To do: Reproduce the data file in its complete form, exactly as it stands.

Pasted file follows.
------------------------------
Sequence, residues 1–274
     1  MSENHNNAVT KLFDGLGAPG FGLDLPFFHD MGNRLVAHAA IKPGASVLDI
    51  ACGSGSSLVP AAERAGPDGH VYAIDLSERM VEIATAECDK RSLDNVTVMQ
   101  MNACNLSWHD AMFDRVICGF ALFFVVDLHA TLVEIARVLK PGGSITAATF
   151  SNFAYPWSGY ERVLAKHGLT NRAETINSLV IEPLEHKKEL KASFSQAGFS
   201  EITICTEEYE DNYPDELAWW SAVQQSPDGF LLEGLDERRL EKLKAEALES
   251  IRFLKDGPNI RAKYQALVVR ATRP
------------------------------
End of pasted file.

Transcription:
Sequence, residues 1–274
     1  MSENHNNAVT KLFDGLGAPG FGLDLPFFHD MGNRLVAHAA IKPGASVLDI
    51  ACGSGSSLVP AAERAGPDGH VYAIDLSERM VEIATAECDK RSLDNVTVMQ
   101  MNACNLSWHD AMFDRVICGF ALFFVVDLHA TLVEIARVLK PGGSITAATF
   151  SNFAYPWSGY ERVLAKHGLT NRAETINSLV IEPLEHKKEL KASFSQAGFS
   201  EITICTEEYE DNYPDELAWW SAVQQSPDGF LLEGLDERRL EKLKAEALES
   251  IRFLKDGPNI RAKYQALVVR ATRP